Recommendation Letter From A Previous Employer (With Samples)

By Chris Kolmar - Sep. 11, 2020

Find a Job You Really Want In

0 selections

What is a Letter of Recommendation?

Before going to eat at a new restaurant, you check that it has good reviews from previous patrons. It’s natural to want to know other opinions before risking a bad experience.

An employment reference is similar. New employers want to know about your reviews as an employee from the people with the most experience: your previous employers.

A recommendation letter from a previous employer can be extremely impactful when applying for a new job. The reference letter is used to attest to your professional skills, experience, and character from a dependable source. It can be an excellent opportunity to have your accomplishments explained beyond the bullet-points on your resume and help a future employer get to know you better.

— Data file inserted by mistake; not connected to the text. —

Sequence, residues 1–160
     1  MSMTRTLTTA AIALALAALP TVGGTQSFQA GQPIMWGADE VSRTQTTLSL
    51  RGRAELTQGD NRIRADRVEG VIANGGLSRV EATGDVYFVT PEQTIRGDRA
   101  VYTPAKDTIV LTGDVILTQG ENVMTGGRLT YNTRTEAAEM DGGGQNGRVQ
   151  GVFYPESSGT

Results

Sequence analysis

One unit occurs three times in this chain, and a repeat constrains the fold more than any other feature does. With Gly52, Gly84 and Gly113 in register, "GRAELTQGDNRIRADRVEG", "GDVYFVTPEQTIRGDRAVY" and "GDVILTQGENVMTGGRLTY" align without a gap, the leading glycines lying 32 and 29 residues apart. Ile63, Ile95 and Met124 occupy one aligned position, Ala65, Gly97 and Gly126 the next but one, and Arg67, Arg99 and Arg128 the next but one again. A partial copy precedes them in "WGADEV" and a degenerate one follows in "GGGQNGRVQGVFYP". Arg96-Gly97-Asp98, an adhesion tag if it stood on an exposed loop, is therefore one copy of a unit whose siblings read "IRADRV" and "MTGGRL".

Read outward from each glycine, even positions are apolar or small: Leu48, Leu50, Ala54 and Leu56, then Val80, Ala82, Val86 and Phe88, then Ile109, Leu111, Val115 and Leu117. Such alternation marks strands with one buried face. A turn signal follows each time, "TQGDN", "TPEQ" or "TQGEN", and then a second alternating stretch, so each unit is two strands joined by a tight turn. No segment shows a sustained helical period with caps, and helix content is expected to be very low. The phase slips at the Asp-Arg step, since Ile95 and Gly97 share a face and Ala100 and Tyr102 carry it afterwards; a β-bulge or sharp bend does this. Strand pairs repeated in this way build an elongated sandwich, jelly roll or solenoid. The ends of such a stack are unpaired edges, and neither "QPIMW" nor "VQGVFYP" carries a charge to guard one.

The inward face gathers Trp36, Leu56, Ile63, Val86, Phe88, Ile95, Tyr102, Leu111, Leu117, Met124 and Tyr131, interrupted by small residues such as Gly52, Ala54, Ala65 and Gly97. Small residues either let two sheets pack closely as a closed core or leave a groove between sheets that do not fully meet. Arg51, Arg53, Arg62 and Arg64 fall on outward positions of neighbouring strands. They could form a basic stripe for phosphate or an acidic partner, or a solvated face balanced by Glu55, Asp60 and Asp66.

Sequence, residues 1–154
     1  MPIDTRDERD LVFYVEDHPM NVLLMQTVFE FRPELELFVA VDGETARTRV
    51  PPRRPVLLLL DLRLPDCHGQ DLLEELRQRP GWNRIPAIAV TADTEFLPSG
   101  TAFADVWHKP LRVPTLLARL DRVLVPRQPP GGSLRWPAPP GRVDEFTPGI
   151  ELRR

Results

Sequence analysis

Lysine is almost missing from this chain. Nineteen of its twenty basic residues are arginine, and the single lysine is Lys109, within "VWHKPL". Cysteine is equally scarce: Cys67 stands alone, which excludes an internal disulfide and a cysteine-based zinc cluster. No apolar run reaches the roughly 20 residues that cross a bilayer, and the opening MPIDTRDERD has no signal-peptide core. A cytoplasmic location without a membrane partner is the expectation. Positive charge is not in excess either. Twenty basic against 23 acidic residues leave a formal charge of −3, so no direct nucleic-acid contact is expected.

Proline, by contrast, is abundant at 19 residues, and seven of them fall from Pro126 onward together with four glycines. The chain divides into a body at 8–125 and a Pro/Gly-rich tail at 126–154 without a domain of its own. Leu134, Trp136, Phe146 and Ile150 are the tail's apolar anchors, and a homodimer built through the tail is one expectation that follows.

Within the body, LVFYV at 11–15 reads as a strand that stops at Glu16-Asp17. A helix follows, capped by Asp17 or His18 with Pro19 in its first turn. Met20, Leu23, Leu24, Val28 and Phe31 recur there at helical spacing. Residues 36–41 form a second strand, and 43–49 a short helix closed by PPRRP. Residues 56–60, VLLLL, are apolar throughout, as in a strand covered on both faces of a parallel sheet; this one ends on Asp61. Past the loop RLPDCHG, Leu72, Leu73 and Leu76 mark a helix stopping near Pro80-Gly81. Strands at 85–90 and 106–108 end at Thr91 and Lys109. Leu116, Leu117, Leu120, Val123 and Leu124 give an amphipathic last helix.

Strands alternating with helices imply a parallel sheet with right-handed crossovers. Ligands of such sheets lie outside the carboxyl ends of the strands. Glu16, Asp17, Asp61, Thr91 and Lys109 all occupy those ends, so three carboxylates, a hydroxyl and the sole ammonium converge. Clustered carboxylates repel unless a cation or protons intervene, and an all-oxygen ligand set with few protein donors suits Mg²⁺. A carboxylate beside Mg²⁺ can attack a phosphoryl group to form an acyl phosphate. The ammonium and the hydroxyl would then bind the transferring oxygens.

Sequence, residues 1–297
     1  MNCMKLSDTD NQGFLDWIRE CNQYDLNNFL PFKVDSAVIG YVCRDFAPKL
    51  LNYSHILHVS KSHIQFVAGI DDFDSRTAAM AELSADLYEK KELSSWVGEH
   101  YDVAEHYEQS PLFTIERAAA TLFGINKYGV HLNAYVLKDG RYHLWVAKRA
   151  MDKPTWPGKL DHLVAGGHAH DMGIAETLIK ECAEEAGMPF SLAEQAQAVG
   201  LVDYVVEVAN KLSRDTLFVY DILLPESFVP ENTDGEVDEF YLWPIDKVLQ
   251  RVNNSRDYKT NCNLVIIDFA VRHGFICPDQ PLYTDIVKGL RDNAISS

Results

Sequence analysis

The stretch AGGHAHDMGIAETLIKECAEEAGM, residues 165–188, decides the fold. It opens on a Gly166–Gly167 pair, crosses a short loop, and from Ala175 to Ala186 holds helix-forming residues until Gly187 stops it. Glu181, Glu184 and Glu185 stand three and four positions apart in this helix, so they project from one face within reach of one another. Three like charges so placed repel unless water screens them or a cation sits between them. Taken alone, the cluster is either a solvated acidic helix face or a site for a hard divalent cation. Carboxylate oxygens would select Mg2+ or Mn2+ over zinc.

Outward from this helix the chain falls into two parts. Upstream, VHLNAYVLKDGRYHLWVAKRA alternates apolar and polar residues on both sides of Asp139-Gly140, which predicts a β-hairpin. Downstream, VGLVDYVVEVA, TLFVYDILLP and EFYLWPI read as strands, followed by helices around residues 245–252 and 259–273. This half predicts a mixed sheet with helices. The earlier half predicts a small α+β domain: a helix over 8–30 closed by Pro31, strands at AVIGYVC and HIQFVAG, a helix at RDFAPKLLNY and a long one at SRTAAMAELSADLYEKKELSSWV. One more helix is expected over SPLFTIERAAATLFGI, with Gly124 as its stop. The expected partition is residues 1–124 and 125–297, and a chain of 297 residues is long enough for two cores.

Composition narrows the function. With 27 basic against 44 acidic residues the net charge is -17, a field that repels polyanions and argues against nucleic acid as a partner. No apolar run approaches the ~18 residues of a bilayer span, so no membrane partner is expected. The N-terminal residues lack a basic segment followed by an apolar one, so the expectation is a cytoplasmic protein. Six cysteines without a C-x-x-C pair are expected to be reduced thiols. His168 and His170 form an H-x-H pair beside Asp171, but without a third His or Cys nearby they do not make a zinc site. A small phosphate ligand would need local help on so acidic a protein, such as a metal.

Why Do You Need A Letter of Recommendation?

Competitive job openings can have hundreds of applicants or more. Digging through these applications can be a long and draining process, resulting in a lot of notable candidates being unanswered for the simple fact that their submissions were the bare minimum.

A letter of recommendation can help in avoiding this tragedy.

Employers want to know more than just the jobs you’ve had before and the school you graduated from. They’re looking for insight into your work-ethic and soft skills. This is more than a backdoor reference check. It’s a preview into the employee you’re going to be from someone who’s seen the show before.

A letter of recommendation from a work reference can be especially useful and even required in some cases.